In late September Laura and I were able to travel together back to Europe, this time to Netherlands, Germany, and Belgium. The circumstance we found was an invitation to follow and shoot behind the scenes on the last leg of the European tour consisting of Mumford & Sons, Old Crow Medicine Show, and Nathaniel Rateliff, and we would have been able to travel longer had it not been for the wedding shoot in Wisconsin that had already been booked for a year or two.
Jumping back into European traveling mode only six months after our last trip was rather easy and automatic, though I hadn’t planned on making it back overseas so soon. We were rushed, of course, in getting to Amsterdam as soon as possible in order to catch up with the sequence of the final three shows of the tour, Cologne, Germany, Berlin, and Brussels Belgium. This time we wouldn’t be spending the majority of the time with only each other as we did last year. Instead, Odessa Jorgensen and Gill Landry, close friends of Laura’s would be doing much of the traveling along side us.
This time around we weren’t able to write the daily blog posts as we did last May, but we were able to do as much shooting. I’ve yet to finish getting my photos from the first trip processed and scanned due to a busy summer, but this time a round its actually been much quicker. Here are a few I shot of Laura and Odessa in Brugge and Berlin, respectively:
Kodak Portra 400nc
I’ll have more to share soon, including some of the concert and behind the scenes photos, though the best of those will be held until November for publication in print. If such things interests you, please keep track of Drt & Ink, my collaboration with Laura at our new site, drtandink.com and the blog at drtandink.com/blog.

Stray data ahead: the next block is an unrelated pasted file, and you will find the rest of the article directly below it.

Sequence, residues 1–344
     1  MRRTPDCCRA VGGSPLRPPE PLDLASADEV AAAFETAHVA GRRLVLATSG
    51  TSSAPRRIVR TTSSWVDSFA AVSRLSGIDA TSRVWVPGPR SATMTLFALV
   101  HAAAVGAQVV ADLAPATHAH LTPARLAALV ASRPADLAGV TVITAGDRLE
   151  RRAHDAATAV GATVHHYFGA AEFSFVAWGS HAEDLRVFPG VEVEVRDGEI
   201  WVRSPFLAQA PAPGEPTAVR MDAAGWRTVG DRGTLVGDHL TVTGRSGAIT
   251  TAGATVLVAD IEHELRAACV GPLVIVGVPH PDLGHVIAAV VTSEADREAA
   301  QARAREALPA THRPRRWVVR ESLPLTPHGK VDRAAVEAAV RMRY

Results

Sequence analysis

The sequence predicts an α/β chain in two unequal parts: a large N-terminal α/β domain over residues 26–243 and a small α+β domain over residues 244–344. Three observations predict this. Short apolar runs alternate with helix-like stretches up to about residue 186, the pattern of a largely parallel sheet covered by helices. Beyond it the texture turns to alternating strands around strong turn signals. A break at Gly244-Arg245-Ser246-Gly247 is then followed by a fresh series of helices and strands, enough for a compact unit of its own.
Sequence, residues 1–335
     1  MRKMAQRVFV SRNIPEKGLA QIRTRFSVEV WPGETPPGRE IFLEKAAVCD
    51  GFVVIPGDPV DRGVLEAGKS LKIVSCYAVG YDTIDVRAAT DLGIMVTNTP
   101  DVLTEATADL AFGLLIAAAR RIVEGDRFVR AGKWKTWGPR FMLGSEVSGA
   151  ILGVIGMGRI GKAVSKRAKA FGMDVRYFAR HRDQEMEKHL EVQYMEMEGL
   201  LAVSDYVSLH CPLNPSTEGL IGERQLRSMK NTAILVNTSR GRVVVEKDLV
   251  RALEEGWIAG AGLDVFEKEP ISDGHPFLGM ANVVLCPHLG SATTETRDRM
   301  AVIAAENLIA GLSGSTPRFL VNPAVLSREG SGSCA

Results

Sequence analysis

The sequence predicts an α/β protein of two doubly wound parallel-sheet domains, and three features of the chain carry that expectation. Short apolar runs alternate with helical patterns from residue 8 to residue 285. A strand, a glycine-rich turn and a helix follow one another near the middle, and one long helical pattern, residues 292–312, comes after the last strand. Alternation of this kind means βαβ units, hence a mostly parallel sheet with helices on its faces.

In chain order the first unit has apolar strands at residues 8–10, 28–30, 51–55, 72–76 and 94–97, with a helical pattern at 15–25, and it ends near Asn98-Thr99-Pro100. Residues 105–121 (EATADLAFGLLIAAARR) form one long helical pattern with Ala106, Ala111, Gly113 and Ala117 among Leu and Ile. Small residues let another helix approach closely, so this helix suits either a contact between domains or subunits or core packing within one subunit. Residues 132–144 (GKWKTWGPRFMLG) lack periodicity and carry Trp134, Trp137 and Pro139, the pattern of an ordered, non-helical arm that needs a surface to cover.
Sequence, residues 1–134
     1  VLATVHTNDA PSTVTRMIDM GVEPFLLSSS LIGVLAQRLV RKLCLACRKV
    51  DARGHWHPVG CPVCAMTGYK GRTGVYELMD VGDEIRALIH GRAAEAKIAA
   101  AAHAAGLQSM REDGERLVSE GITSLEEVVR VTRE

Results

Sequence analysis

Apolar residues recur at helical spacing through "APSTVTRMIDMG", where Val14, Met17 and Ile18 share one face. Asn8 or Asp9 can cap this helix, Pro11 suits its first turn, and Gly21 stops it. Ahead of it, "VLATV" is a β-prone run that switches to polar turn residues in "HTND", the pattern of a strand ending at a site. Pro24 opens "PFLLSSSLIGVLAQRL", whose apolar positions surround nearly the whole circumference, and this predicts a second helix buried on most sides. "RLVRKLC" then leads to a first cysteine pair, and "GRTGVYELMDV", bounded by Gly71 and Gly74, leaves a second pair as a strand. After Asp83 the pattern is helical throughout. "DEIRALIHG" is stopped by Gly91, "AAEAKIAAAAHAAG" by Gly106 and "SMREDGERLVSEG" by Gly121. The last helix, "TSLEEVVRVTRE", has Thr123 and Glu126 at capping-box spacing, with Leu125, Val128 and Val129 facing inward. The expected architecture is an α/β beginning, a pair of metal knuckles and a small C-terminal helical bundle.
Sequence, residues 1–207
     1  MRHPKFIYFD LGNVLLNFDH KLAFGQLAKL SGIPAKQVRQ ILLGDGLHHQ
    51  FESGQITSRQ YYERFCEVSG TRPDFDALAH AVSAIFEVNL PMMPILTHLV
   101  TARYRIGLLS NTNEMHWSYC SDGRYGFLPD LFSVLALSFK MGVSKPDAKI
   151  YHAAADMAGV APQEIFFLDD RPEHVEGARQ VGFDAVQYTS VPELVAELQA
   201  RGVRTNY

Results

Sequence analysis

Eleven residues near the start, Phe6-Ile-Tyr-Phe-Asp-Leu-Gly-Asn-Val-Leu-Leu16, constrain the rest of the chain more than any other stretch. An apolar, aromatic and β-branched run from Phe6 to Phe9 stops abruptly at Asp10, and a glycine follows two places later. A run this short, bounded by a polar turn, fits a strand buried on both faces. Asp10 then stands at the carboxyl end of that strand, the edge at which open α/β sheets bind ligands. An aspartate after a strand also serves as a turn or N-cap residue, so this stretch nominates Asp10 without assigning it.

We have been in Spain for two days now and it is amazing! Arrived in the morning by train from Paris to a quiet station. Not sure what to expect, we began our search for a hostel. I had researched a few places and wanted to try to find one of those before we settled. This required a map and a new understanding of the subway system which seemed more confusing than Paris’s. Thankfully, Amos has a quick understanding of directions and we arrived at a quaint Garden Hostel within an hour. It was located in a quieter section of the city and I like it immediately. We stayed in a 6 bed dorm room, always a unique experience. (Amos: The first night our room was shared with some Canadians from Nova Scotia who were on their way out early in the morning, bound eventually for London and hoping the volcano gods would allow them to do so, and the second night was shared with three fellows from Finland who spoke only a little English and didn’t seem to mind that there was a girl in the room when putting on pants in the morning.)